I worked out my ambivalence in many ways: I volunteered at the last remaining abortion clinic in Mississippi, conveniently around the corner from our house. I stopped going to baby showers. I retreated into Jewish tradition, where the comfort with conflict and ambivalence felt like the only place to grapple with these questions, even as organized Jewish life can be forbidding and family oriented. It was hard to find a way to observance, especially in Mississippi (though there are Jews there, of course), so my ways were small, and personal, and contained by our house, in which lived just one Jew and one person whose atheist sensibilities didn’t really allow for observance without belief. So I felt I had to tiptoe toward observance and kept my Jewish curiosity to myself, reading more and talking less. I baked bread, I lit candles, but I said no blessings, and I sang no tunes. I did begin to seethe about how my white husband, like all my white boyfriends before him, was more into my Indianness than my Jewishness. Indian was exotic, strange, and erotic. Think the Kama Sutra, whispery silk saris, food studded with nuts and lentils and chili and cumin. In the lefty cultures we inhabit, being a person of color (and, sometimes, being married to one) confers a certain, unassailable authority on race and, in the case of Indians, colonialism. Jewishness does not, associated as it is with American elites, complicated international problems, stinky fish products—none of which were particularly sexy or interesting. We lived in the same house but began to inhabit separate worlds. Finally, we returned home to Brooklyn. Our marriage fell apart. Freed, adrift, I began to attend shul on Saturday mornings.
Shabbat services—the practice of joy—were just what I needed to find a small measure of peace in the maelstrom of infertility, divorce, and my father’s terminal lung cancer. I was desperately grateful that all of me—my lefty politics, my lack of Jewish knowledge, my atheism, my mixed-race, mixed-heritage identities—were welcome at shul.
When my father died, I clung again to Judaism’s mourning rituals. Shabbat became a container for the immensity of my feelings, a time to sit inside my grief and to embrace new joy as it came. After the first month of mourning ended, I went to India, the first extended visit since I had discovered, years before, that I wished to be a mother. There, I continued keeping Shabbat in my family’s house. Generally, alcohol is shunned in observant Brahmin households, but every week, my uncle took me to buy wine. Every week, my ajji, my aunt, and my uncle listened as I blessed the tiny oil lamps I borrowed from the pooja room, I blessed the wine, I blessed the slice of white bread from the local bakery and dipped it in salt, and handed it around. They chewed as I recited Kaddish. (My uncle shared in the wine; my ajji and my aunt did not.) My grandmother told me how glad she was I had something to do, that I was doing some ritual of remembrance, of grief, of recognition, even as it was not hers. It was a special thing to share—a current of feeling, expressed so differently.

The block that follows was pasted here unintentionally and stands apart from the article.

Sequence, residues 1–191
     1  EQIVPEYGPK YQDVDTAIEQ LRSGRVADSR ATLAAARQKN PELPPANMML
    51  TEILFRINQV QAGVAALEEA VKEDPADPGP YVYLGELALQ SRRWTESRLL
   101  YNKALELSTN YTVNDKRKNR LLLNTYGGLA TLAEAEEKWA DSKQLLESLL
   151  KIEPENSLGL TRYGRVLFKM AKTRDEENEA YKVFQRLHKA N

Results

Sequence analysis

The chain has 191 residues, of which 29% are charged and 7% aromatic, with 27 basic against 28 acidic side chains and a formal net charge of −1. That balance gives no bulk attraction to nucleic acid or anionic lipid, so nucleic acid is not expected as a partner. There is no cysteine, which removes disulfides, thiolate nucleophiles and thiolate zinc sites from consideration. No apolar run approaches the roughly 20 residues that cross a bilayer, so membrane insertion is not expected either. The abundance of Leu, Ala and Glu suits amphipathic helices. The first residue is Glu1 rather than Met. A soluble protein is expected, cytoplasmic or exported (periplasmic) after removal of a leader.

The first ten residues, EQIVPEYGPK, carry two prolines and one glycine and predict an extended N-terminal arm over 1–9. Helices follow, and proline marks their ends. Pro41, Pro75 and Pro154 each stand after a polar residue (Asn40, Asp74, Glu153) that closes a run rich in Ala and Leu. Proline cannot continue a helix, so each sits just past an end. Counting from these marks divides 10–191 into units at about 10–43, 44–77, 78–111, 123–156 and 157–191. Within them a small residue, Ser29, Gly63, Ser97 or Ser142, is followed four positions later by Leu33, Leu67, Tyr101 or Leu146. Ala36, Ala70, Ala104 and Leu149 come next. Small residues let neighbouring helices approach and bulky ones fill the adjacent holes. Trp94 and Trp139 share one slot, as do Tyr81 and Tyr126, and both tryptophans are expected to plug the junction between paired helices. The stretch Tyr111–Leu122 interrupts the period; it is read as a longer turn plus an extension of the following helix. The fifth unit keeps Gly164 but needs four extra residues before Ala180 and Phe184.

I returned again to New York. To mark my exit from those years of sorrow, I ran the New York City marathon, cheered on by a new love. I also hired a Hebrew tutor. At her suggestion, I ran loop after loop in Prospect Park to the v’ahavta, learning the sounds, the rhythm, and, in some way, inscribing the might of the prayer into muscle memory. On marathon day, I jogged through Hasidic Williamsburg slowly, sounding out the signs, propelled by my new ability to read Hebrew letters—aided, in no small part, by my previously hard-won ability to read Kannada letters. As I jogged along slowly, I considered the homes in which I was simultaneously inscribing the words. The home of my body, with which I was slowly making peace in it-is-never-making-a-baby-love-it-anyway form. The home I was constructing of Jewish ritual. It was the Jewish imperative of joy that helped me find air when I felt I might drown in a vast vacuum of sadness. It was Jewish ritual that gave me the courage to grab strong hold of my new love, my bashert, who somewhat unbelievably is also Indian and Jewish, also leftist, also finds pickled fish and political arguments sexy and romantic.
Braided, our similarities (we both love country music), our differences (he’s a planner; I’m not), our affection—those strands make us a family, complete in the two of us. Some days, I feel unbelievably lucky. Some days, my sorrow that we will not make yet another curly-haired, Indian-Jewish-lefty little human is boundless. It pushes out of its imaginary glass vial, exceeds its brittle boundaries, seeps cold into my bones. But most days, that is not my main problem. Most days, my problems are the usual marathon of everyday American adult life: Overly long commutes. Irritating coworkers. Political setbacks and advances. Insufficient funds for the things I prefer to do. That everydayness is a blessing, a binding sign of the fullness of this life—my life—and its importance unto itself. In the throes of infertility, it felt like my whole life orbited my inability to conceive, to bring forth a new person, the grief and the longing. It is hard work to keep that dark, cold feeling to its proper size and scope—acknowledged and contained. Every week, as my new husband and I welcome Shabbat with blessings we recite aloud, the regular rhythm of Jewish ritual is a reminder: my life matters more than my lost embryos’. Maybe in another ten years I won’t need the reminder. In the meantime, I am glad for the sign, and I inscribe it upon my doorpost.